3. Of the total extent of these three survey numbers, viz., 6 acres 88 cents the eastern half belongs to one Ippagunta Ranga Reddi. The western half is the subject matter of the suit. Now the plaintiff and his two brothers originally got these properties under a will executed by their maternal grandfather (Ex. B dated 28th November 1890). At the time of the execution of the will the testator had his daughter (Subbamma, mother of the plaintiff) and her three sons. In the will he refers to his father-in-law Narappa Reddi, and other family history. He then mentions the fact that he brought his son-in-law Raghava Reddi (plaintiff's father) to his house to help him in his cultivation. In para. 5 he says:
Though after my death my property will devolve on you according to law, yet owing to the reasons mentioned by me hereinbefore I have made this will for making arrangements in respect of my properties after my death.
4. In para. 8 he says that until the grandchildren attain majority the daughter Subbamma shall have rights in respect of the property. After they attain majority they shall have equal right to the movable and immoveable properties and shall be entitled to have all rights of sale etc., and enjoy the property. Now it is seen that according to this will the testator has displaced the ordinary law of succession. Under the ordinary law of sue-, cession the daughter would inherit the estate for life and after her death her sons would succeed. But under this will the daughter is not to get a life estate but should have rights over the property until the last of the three sons attains the majority. She is divested of whatever estate she has up to that time and then the sons become equal absolute owners of the property. This means that they will take the property as tenants in common each enjoying one-third share.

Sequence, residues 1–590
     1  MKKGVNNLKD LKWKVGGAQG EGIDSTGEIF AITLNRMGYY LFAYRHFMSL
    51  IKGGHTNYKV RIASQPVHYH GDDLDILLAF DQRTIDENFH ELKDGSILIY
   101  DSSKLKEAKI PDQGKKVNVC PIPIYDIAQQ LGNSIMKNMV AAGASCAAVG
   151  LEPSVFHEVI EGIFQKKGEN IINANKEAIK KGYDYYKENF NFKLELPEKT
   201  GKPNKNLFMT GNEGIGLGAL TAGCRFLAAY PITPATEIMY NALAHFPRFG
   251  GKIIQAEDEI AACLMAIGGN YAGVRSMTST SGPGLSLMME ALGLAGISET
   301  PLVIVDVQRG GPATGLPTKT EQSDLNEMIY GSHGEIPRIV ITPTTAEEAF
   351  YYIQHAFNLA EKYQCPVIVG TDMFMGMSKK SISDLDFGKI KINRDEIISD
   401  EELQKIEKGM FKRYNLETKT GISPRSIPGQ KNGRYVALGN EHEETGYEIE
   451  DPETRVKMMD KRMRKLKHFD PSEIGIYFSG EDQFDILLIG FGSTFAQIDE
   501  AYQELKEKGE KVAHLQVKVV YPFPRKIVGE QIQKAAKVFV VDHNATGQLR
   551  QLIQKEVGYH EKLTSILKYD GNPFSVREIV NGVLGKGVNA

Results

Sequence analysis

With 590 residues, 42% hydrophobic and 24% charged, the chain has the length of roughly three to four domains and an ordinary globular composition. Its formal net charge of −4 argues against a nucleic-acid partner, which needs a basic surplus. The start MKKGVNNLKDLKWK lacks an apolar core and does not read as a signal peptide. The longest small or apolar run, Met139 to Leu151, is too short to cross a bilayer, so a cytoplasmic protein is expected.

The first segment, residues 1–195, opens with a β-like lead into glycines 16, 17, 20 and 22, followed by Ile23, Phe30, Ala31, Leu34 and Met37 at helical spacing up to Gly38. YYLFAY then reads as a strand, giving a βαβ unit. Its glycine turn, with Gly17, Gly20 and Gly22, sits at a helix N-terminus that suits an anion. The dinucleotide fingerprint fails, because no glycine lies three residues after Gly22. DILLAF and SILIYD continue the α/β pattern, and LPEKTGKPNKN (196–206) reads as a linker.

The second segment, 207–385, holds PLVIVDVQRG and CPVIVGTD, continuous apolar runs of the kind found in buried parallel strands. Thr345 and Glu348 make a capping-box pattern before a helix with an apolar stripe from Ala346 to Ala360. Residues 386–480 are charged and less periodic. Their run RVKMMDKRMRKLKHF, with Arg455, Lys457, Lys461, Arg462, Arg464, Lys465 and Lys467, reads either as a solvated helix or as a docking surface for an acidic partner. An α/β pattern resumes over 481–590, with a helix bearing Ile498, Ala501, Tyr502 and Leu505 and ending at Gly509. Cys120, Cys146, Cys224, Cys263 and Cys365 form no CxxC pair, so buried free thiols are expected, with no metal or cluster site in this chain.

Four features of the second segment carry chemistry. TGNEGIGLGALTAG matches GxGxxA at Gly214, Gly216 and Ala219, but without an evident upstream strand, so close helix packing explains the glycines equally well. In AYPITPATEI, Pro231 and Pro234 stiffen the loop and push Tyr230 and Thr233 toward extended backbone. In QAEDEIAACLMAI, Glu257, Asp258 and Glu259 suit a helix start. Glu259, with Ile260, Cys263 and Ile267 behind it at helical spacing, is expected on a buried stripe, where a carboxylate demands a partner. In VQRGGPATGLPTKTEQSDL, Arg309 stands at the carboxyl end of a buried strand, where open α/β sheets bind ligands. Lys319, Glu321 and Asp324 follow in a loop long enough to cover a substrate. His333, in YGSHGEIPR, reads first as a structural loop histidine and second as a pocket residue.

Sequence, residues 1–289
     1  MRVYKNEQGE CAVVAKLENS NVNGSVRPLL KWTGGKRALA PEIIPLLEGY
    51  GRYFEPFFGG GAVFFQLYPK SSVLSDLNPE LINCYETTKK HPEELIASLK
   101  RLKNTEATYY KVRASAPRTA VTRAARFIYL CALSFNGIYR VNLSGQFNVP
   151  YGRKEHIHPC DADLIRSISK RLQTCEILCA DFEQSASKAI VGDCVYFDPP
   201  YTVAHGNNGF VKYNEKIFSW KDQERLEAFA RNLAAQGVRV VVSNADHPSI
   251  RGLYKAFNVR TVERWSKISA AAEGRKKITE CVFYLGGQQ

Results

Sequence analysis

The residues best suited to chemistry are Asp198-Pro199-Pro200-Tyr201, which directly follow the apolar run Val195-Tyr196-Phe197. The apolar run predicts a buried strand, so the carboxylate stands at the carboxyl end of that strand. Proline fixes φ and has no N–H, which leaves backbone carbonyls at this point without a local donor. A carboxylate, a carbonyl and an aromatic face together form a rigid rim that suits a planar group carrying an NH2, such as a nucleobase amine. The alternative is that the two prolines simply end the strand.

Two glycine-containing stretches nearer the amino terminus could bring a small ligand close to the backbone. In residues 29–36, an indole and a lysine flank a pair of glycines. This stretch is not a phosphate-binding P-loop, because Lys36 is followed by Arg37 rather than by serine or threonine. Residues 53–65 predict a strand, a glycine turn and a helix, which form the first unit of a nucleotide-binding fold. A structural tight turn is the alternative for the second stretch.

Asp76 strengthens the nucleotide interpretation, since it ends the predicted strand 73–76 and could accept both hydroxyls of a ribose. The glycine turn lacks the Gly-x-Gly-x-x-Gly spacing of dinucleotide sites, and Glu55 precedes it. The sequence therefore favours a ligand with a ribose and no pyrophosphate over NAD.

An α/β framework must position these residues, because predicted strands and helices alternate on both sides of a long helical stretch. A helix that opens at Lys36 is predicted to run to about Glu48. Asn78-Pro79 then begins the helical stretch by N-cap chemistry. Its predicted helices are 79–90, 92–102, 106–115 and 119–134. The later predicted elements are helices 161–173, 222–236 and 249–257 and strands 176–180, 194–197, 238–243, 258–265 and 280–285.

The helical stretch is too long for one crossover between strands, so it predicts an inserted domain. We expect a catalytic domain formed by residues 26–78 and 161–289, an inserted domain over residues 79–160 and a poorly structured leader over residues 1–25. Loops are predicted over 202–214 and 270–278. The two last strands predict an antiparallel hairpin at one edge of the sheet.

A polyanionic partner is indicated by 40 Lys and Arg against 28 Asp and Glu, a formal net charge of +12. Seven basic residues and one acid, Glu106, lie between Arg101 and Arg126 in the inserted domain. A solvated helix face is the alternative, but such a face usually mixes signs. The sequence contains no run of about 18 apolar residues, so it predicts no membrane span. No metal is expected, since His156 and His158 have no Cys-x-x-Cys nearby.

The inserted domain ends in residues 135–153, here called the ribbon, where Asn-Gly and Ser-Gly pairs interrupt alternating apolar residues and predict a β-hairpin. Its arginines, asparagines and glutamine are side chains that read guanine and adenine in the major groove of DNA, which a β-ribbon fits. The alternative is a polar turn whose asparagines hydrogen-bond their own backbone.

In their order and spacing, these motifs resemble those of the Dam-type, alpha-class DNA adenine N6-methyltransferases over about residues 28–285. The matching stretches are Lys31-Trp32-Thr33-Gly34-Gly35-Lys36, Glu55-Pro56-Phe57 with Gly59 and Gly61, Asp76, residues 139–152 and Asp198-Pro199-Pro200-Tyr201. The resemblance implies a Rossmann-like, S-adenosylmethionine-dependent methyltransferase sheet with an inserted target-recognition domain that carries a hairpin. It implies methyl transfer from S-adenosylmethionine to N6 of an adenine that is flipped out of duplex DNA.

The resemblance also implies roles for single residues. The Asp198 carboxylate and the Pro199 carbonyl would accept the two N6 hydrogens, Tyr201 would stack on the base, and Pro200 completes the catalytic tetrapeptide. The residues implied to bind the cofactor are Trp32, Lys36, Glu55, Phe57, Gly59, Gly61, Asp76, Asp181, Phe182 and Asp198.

5. Now the District Judge refers to the decision in Venkayamma Guru v. Vendataramanayamma Bahadur Guru (1902) 25 Mad. 687, (Juggampet case) according to which daughter's sons (being sons of one daughter) succeeding to their maternal grandfather take the estate as ancestral property and therefore as joint family property. If one of them dies, the others get that property by survivorship. But this decision applies only to a case of succession. It has never yet been applied to a case of device by a maternal grandfather. Following the principle of this decision it has been held by the Indian High Courts that the sons of daughters' sons will have a right by birth in such ancestral property but we are not concerned with such a question here. The District Judge then refers to cases where a father gives his self-acquired property to his sons by a will such as Nagalingam Pillai v. Ramachandra Devasr (1901) 24 Mad. 429 and Janakiram Chetty v. Nagamony Mudaliar 1926 Mad. 273. These are cases relating to father and sons.